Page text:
Oil on original canvas
69,6 x 96,6 cm / 27,4 x 38 in (with the original rod)
Numbered on the back on the stretcher : 165
Mr Quentin Laurens has kindly confirmed that this work is registered in the archives of the Georges Braque's atelier and that the rod was painted by the artist and is an integral part of the work.
Argenteuil-sur-Seine 1882 - Paris 1963
Georges Braque studied from 1897 to 1899 at the Ecole des Beaux Arts in Le Havre before moving to Paris, where at the same time he studied at the Humbert Academy with Francis Picabia and Marie Laurencin.
He painted his first works under the influence of the impressionism, in the traduction of Paul Cézanne fauvism, in the company of his friend othon Friesz.
In 1907, he signed a contract with the young art dealer Kahnweiler who presented him to Apollinaire. This latter took him to Pablo Picasso's studio at the Bateau-Lavoir where the Spanish master had just finished "Les Demoiselles d'Avignon". This was a revelation for Georges Braque. This would result in a prolific collaboration between the two painters who would found and develop cubist aesthetics, influencing each other to such an extent that it is sometimes difficult to distinguish for some works who is the author.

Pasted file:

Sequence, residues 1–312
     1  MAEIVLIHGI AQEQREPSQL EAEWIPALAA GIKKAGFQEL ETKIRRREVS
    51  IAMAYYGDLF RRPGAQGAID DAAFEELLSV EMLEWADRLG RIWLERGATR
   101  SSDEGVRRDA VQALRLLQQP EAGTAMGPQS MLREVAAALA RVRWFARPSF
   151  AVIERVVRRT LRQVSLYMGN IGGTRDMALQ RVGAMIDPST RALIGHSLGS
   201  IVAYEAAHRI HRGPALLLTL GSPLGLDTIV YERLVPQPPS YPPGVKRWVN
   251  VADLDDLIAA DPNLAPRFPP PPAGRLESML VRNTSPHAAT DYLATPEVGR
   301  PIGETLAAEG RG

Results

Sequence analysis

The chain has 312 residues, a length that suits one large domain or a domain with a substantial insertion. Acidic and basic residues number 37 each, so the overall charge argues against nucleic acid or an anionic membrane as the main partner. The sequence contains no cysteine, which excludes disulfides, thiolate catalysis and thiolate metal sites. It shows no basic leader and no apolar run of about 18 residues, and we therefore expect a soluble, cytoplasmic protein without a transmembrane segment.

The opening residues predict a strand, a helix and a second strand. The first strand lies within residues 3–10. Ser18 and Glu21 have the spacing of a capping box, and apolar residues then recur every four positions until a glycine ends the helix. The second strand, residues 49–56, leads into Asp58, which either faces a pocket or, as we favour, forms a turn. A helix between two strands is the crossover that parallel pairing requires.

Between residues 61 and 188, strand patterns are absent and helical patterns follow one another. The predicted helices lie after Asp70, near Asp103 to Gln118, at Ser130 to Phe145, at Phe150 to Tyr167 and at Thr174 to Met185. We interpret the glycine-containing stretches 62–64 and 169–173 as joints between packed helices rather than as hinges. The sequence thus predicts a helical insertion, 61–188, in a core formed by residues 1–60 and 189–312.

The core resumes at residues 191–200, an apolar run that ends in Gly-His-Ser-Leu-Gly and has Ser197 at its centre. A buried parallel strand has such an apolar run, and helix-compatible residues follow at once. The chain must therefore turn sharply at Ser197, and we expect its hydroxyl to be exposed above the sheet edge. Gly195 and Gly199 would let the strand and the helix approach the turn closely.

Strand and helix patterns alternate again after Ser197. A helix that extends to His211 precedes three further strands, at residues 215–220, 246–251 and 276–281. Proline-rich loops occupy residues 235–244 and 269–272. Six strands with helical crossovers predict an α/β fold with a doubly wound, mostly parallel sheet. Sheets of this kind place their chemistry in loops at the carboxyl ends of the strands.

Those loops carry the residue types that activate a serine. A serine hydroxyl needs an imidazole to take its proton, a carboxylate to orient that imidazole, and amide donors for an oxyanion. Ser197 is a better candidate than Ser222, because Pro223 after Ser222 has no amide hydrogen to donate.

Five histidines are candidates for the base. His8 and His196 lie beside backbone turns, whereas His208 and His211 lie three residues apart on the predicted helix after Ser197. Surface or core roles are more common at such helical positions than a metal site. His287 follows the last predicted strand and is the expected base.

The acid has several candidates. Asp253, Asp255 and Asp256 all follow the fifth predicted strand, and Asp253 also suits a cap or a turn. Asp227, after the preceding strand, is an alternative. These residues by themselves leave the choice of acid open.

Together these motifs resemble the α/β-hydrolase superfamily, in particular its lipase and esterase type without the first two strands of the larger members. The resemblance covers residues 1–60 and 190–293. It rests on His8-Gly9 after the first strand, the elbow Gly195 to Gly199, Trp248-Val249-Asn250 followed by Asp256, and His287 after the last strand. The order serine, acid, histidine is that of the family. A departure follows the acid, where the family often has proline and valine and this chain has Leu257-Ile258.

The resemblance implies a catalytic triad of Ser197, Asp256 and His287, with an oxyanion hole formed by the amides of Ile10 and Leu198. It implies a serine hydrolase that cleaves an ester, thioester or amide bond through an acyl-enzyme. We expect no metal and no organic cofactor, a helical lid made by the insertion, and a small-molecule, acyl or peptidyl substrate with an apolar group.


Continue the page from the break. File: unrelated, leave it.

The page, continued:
Georges Braque introduced for the first time into his works, letters and printing figures that he painted with stencils, natural elements (sand, sawdust, iron gilings), and also made collagesn challenging the theories of traditional painting at the time. Even if his subjects became more figuratives as his career progressed, the artist nevertheless retained a strong symbolic charge.